The Beginner’s Guide to Protein Folding!

This is a house made of Legos. If you’ve played with Legos, you know they can be used to build a lot of different structures.

I was something of a Lego engineer myself back in the day. But I always wondered, how come if I changed a Lego structure from a house into a a skyscraper, why didn’t it do the same thing? There were both building, which little Lego people were supposed to inhabit. It didn’t make sense!

I soon learned, that if you change the Legos’ shape, you get a completely different structure with a completely different structure and shape.


If scientists can figure out the exact methods of protein folding, they will then be able to fold a protein to get it to do anything they want it to do. This could have HUGE implications for the world of biology!!


How peptide bonds form — through the amino group and carboxyl groups!

The structure of an amino acid looks like this:

We have here a carbon atom attached to a hydrogen in the middle, carboxyl group on the right (COOH), amino group (NH2), and the R group.

The R group is like a remainder of the amino acid: It’s a side chain which consists of molecule which aren’t classified as an amino group or a carboxyl group — they can be elements like chlorine (Cl) or molecules like methyl (CH2). R groups give chemical properties to amino acids.

Proteins have 4 main ways they can assemble:

  • Primary structure: the protein is assembled in a polypeptide chain. This would be like stacking individual Lego bricks to create a tower.
  • Secondary structure: the first step in the folding process.

Alpha helices (formed by hydrogen bonding of the backbone of the amino acid structure) combine with beta pleated sheets (which forms with the same backbone bending over itself to form the hydrogen bonds) in order to give the secondary structure its shape.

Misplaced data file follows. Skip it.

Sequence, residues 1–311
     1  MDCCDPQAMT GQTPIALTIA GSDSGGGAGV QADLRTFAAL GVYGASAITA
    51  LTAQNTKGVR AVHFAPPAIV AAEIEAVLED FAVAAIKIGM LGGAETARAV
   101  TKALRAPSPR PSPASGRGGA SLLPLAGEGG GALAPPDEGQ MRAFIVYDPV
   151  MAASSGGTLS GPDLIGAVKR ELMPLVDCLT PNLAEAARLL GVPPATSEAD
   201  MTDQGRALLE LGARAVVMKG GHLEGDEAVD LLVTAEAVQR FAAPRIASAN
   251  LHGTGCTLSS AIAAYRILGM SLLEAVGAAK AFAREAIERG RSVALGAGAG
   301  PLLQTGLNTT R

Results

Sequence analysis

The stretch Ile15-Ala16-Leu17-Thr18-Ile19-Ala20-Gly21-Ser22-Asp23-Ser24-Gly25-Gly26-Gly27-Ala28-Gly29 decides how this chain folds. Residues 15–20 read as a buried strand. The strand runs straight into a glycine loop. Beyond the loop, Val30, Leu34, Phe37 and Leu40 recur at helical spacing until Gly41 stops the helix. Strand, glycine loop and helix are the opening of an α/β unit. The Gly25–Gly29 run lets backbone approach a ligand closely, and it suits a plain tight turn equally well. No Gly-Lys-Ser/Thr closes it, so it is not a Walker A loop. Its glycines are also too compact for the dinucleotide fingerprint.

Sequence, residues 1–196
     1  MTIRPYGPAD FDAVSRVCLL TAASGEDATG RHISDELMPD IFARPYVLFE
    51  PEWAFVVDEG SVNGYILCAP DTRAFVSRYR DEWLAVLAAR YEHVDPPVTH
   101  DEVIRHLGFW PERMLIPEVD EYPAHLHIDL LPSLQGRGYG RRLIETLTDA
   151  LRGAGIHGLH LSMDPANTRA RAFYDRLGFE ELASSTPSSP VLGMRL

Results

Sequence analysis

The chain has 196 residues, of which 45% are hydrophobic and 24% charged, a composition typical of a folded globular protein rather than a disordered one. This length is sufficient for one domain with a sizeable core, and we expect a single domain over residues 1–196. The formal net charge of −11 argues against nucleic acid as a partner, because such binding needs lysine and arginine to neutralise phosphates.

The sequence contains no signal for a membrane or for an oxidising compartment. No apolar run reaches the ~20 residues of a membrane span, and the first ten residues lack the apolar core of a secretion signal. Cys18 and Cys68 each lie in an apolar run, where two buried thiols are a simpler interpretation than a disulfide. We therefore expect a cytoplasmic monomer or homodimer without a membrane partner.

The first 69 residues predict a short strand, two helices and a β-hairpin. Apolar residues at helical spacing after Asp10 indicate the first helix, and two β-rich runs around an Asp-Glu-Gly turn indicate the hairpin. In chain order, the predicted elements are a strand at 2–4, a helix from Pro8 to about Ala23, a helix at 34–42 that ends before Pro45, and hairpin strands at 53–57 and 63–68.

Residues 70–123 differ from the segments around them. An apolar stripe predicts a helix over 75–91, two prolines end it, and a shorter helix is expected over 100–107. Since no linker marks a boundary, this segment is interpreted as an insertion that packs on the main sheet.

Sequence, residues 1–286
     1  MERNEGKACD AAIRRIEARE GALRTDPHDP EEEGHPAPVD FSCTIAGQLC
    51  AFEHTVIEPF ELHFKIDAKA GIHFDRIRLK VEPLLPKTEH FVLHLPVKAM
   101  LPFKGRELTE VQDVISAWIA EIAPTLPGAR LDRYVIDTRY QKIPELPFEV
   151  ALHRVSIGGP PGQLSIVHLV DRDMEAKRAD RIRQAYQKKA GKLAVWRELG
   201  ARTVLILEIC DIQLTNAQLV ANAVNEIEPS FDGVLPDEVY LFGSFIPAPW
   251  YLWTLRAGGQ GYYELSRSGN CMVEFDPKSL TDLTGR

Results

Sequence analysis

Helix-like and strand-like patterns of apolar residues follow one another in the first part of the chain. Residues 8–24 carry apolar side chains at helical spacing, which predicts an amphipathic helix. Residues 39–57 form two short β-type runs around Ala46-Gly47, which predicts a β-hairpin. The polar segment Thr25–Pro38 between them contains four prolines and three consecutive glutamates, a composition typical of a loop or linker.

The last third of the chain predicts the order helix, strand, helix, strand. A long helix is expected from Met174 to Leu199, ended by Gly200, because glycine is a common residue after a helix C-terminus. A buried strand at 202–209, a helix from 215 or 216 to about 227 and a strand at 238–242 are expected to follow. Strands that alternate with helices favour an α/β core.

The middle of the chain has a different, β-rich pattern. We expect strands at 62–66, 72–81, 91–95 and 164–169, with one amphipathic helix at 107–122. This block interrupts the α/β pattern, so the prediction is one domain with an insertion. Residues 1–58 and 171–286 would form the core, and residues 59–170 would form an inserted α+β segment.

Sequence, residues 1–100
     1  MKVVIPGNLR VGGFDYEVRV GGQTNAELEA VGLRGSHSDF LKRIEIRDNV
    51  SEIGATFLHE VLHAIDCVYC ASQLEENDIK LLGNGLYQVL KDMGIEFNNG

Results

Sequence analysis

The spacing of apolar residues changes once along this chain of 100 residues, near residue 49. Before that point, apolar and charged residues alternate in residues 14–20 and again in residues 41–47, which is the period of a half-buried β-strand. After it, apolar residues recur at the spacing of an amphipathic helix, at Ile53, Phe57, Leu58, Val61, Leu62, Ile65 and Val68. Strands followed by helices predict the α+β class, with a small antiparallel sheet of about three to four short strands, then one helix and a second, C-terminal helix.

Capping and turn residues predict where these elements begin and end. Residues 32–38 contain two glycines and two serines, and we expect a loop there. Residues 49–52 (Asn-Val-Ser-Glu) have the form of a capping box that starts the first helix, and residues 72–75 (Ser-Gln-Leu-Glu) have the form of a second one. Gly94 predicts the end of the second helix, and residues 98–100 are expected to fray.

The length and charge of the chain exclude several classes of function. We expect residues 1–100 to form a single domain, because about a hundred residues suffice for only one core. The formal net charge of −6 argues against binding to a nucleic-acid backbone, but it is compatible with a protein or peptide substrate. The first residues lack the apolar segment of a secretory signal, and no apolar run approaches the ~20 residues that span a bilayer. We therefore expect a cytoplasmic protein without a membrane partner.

A closer look into the structures of alpha helices and beta-pleated sheets.

You can think of this as stacking two Lego towers (one red, one blue) into a chain!

  • Tertiary structure: A protein which gains its 3-D shape primarily due to hydrophilic and hydrophobic interactions (interactions that are attracted and repelled by water respectively) between the R groups. (You’ve now arranged Lego towers into a cube!)
An example of a tertiary folded protein!
  • Quaternary structure: The folding of more than one polypeptide chain. Hydrogen bonds-among other types-are responsible for keeping all of the chains together.
Hemoglobin’s polypeptide chains are being held together by heme groups (includes iron)

This would be like stacking multiple Lego cubes on top of each other and bonding them through KRAGLE / Crazy-Glue (Lego Movie 2014, anyone?)


Enzymes known as foldases are also key to the way proteins fold. For example, protein disulfide isomerase is responsible for maintaining the disulfide bonds which give tertiary structures their shape.


Unfortunately, there are three main problems that scientists have encountered in this process:

  1. What is the folding code?
  2. What is the folding mechanism?
  3. Can we predict the native structure of a protein from its amino acid sequence?

Back in 1961, Christian Anfinsen discovered that a protein’s amino acid sequence contained the instructions for how to fold a protein in 3D.

Since then, there hasn’t been much advancement.

However, in 2018, a Google-affiliated AI lab called DeepMind used AI in order to predict the most accurate protein folding predictions to date. They trained neural networks to predict the distances between pairs of amino acids and the measures of the angles between chemical bonds which connect these amino acids.

Credit to DeepMind for this animation— this is their technology in action.

In the future, we may be able to use advances in technology like DeepMind’s to help predict protein folding. When we do, you might just have have a protein that can assemble a Lego structure for you!


  • Proteins can fold in four types of structures: primary, secondary, tertiary, and quaternary.
  • Protein folding is essential for a protein to perform its job.
  • The Protein Folding Problem poses three main issues: figuring out the folding code, how exactly proteins fold, and if it is possible to even predict how a protein will fold.
  • AI has been used to predict protein folding, thanks to DeepMind.
  • Protein folding can help us better understand how diseases like Alzheimer’s and dementia come about — and potentially how we can refold proteins to prevent diseases.


  • This article, published by Chemical & Engineering News
  • DeepMind’s blog post, where they describe in more detail how they went about using their AI to predict protein folding.
  • This article from Why-Sci
  • Pymol, a software for modeling protein folding on a molecular level
  • FoldIt, a cool protein folding video game!

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Hey there, my name’s Apurva! I’m passionate about the applications of genetic engineering, and currently I’m working on human limb regeneration!